Other natural and not currently regulated asbestos minerals, such as richterite and winchite may be found as contaminate in
products such as the vermiculite containing zonolite, commonly used as attic insulation. These forms of asbestos are no less
harmful than chrysotile, amosite, or crocidolite.

Many are under the impression that  the
United States Environmental Protection Agency Asbestos in your home(EPA) has
banned and phased out all asbestos containing materials available for use on our market. This is simply not true, there are still
materials that can legally contain trace amounts of asbestos.
For a clarification of products which legally contain asbestos visit the EPA's clarification statement found at the following link.
Asbestos related diseases:

Asbestosis –  A scarring of the lung tissue from an acid produced by the body's
attempt to dissolve the fibers. The scarring may eventually become so severe that
the lungs can no longer function. The latency period (the time it takes for the
disease to develop) is often 10-20 years.

Mesothelioma – A cancer of the mesothelial lining of the lungs and the chest
cavity, the peritoneum (abdominal cavity) or the pericardium (a sac surrounding
the heart). It is believed that mesothelioma is caused by generation of reactive
oxygen species (ROS) by the asbestos fibers.  Asbestos exposure is linked to at
least 50% of patients developing malignant mesothelioma. Malignant
mesothelioma has a peak incidence 35-45 years after asbestos exposure. Median
survival for patients with malignant mesothelioma is 11 months. Asbestos has a
synergistic effect with tobacco smoking in the causation of pleural mesothelioma.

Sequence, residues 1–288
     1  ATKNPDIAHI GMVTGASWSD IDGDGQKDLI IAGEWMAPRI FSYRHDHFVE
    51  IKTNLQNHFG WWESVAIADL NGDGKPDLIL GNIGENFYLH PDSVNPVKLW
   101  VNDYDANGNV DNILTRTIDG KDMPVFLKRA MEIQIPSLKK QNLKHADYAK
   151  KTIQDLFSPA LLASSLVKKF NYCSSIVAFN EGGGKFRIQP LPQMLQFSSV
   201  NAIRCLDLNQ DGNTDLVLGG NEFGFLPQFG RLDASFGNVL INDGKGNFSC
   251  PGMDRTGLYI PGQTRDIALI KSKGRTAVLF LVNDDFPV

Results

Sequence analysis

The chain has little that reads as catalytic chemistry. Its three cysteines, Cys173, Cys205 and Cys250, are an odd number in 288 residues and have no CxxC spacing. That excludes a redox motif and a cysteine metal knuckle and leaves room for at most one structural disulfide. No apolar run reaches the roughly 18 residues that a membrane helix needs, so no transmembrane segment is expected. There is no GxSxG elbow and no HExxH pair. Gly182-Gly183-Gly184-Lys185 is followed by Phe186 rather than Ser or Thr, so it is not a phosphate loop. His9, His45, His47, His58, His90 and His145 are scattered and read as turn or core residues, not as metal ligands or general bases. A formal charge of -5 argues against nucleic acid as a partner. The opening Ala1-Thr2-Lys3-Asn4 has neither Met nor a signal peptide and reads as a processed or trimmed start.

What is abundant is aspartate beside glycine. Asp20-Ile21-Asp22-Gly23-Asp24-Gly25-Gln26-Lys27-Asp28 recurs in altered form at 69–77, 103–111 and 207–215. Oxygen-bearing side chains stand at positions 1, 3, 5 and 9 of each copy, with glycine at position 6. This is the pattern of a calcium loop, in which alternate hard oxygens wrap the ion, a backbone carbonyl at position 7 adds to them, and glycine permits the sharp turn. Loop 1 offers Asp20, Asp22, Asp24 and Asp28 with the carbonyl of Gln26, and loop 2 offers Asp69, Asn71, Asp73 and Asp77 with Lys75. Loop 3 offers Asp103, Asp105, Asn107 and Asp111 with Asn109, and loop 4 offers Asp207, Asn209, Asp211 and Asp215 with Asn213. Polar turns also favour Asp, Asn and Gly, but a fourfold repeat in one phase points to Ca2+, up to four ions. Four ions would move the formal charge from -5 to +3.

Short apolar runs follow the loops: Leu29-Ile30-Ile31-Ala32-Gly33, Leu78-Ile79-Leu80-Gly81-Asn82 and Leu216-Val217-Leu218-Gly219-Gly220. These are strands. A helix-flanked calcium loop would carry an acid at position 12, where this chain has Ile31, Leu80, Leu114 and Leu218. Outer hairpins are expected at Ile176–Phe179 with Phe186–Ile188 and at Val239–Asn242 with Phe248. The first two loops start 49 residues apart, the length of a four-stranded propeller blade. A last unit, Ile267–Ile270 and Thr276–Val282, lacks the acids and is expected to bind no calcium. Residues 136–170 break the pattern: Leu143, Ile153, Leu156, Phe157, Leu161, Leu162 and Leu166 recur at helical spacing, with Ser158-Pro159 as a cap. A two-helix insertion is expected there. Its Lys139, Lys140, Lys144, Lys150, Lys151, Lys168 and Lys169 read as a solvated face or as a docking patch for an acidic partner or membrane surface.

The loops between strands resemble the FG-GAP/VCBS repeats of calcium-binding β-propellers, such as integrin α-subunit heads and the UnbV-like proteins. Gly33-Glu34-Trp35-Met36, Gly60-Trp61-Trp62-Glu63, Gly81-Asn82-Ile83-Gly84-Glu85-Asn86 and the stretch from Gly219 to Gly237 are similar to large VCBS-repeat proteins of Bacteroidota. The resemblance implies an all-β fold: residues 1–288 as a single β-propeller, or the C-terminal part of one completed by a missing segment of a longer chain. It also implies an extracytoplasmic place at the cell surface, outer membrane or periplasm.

Cancer – Lung cancer has been linked to asbestos. Asbestos exposure alone
can cause lung cancer, but asbestos exposure and tobacco smoking have a
synergistic effect, greatly increasing the chances of contracting lung cancer.
Cancer of the larynx has been linked to asbestos. Some studies suggest that
asbestos exposure is linked to a slightly increased risk of stomach, pharyngeal,
and colorectal cancer.

The Environmental Working Group Auction Fund has estimated that in the United
States, about 9,900 people die each year of asbestos-related diseases, such as
mesothelioma, asbestosis, lung cancer, and gastrointestinal cancer.
microscopic asbestos fibers
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All forms of asbestos are fibrillar in
that they are composed of fibers
with widths less than 1 micrometer
that occur in bundles and have long
Copyright 2007-2017 . Reliance Environmental Services, LLC.  All rights reserved.
Asbestos: a naturally occurring mined
hand-held friable asbestos
Hand-held friable asbestos
debris may appear much like
the photo below when magnified
beneath a microscope.
Asbestos - Reliance Environmental
Colorado Asbestos, Molds, Toxins and other Environmental Hazards have been our
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We certainly welcome the opportunity to be of service to you.
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Colorado asbestos ceiling texture removal Dillon, Colorado
Colorado Interior Home improvements
Colorado Ceiling texture improvements
Asbestos ceiling textures can easily be
disturbed, therefore causing the potential to
asbestos fiber releases.
Colorado asbestos furnace duct insulation removal
Asbestos duct wrap
should be kept
undisturbed and in
good condition,
encapsulated or
removed by a
Colorado licensed
General Abatement
Colorado asbestos siding removal
Exterior asbestos siding should be
removed by a State licensed
General Abatement Contractor.